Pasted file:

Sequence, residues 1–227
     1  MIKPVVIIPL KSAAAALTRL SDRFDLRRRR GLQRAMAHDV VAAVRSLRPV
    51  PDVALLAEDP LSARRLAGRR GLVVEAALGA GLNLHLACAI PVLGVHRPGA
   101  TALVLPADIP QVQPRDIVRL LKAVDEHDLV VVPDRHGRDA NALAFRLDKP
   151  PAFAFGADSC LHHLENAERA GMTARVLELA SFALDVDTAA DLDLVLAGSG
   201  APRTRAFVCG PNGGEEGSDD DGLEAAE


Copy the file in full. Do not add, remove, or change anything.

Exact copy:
Sequence, residues 1–227
     1  MIKPVVIIPL KSAAAALTRL SDRFDLRRRR GLQRAMAHDV VAAVRSLRPV
    51  PDVALLAEDP LSARRLAGRR GLVVEAALGA GLNLHLACAI PVLGVHRPGA
   101  TALVLPADIP QVQPRDIVRL LKAVDEHDLV VVPDRHGRDA NALAFRLDKP
   151  PAFAFGADSC LHHLENAERA GMTARVLELA SFALDVDTAA DLDLVLAGSG
   201  APRTRAFVCG PNGGEEGSDD DGLEAAE